Defying ideological misconceptions through information and communication technology localisation in Higher Education

DOI: 10.1080/02572117.2017.1316525
Author(s): Nobuhle Ndimande-HlongwaDepartment of African Languages, South Africa, Hloniphani NdebeleDepartment of African Languages, South Africa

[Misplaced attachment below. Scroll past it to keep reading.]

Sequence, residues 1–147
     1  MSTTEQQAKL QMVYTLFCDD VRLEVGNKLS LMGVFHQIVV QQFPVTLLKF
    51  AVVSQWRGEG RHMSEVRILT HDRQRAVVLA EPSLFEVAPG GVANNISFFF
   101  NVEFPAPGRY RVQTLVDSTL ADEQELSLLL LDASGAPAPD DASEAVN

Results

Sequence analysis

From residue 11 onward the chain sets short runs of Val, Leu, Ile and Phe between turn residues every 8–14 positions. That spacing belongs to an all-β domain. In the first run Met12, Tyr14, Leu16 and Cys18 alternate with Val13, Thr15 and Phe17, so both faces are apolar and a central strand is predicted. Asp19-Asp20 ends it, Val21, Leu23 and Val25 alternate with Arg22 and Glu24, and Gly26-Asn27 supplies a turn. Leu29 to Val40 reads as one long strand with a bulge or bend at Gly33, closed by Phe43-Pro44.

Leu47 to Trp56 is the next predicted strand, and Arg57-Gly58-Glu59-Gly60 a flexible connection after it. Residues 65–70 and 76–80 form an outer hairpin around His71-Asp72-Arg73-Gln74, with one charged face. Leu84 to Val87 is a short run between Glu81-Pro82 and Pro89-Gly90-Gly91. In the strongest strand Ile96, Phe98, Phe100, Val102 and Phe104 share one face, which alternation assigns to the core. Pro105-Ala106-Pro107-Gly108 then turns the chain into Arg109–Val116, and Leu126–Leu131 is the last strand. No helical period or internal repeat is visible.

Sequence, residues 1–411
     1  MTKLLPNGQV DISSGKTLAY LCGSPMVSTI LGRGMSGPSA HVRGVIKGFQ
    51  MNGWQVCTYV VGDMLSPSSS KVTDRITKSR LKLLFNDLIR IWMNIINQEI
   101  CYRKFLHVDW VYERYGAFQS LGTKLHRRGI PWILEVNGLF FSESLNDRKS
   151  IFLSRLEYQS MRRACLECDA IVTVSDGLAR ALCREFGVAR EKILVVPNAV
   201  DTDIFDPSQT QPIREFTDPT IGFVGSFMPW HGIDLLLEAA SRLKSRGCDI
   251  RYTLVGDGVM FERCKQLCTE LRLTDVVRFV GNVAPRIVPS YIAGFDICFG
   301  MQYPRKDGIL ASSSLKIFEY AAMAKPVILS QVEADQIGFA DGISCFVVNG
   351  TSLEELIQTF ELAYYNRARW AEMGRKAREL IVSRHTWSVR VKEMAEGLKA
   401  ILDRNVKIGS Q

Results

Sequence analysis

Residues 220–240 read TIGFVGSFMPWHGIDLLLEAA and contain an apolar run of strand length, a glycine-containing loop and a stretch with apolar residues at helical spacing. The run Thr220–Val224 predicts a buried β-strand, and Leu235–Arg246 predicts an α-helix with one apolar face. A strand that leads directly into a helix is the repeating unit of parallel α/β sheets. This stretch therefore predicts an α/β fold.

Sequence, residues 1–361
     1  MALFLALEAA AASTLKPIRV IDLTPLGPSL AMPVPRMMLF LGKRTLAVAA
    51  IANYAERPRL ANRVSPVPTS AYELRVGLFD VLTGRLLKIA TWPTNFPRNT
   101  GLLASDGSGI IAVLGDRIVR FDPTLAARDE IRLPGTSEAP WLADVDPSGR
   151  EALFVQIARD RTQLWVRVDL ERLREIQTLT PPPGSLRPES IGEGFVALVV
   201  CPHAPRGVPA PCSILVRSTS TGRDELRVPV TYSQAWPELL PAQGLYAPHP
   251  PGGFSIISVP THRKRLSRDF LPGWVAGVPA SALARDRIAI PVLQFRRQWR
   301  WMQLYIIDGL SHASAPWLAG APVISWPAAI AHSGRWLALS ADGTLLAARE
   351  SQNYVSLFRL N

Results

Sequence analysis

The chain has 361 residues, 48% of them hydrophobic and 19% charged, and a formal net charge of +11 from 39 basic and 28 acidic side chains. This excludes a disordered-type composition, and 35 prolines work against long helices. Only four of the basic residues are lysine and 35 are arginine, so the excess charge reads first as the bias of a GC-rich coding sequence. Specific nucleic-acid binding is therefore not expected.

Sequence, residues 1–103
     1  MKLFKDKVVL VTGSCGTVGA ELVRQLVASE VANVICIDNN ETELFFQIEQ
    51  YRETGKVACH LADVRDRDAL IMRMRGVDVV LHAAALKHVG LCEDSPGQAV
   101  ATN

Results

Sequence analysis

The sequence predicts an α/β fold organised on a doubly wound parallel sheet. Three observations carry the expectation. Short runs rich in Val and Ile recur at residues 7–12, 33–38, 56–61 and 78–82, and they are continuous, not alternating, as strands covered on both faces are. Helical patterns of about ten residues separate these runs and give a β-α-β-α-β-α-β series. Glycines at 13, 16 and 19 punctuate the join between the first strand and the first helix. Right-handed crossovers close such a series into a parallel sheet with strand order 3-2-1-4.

This article seeks to provide a critique on various ideological misconceptions regarding the integration of information and communication technology (ICT) and African languages in higher education. It further seeks to provide insight into various ICT localisation opportunities within the higher education domain. Many institutions of higher learning in South Africa have developed multilingual policies that are founded upon various national, regional and international provisions in order to promote the status of African languages. The low profile of African languages in these institutions, among other factors, could be attributed to negative ideological misconceptions that reinforce the hegemony and status of English in higher domains. These languages are often viewed as incapable of expressing technical terms, although they inherently possess the capacity to function in any given context, just as any other language can, and their multiplicity should be viewed not as problematic, but rather as resource and evidence of Africa’s rich linguistic and cultural diversity. Given the high levels of utilisation, spread and accessibility of information and communication technologies (ICT) in higher education institutions, the integration of African languages with ICT could be of paramount significance in revitalising them.

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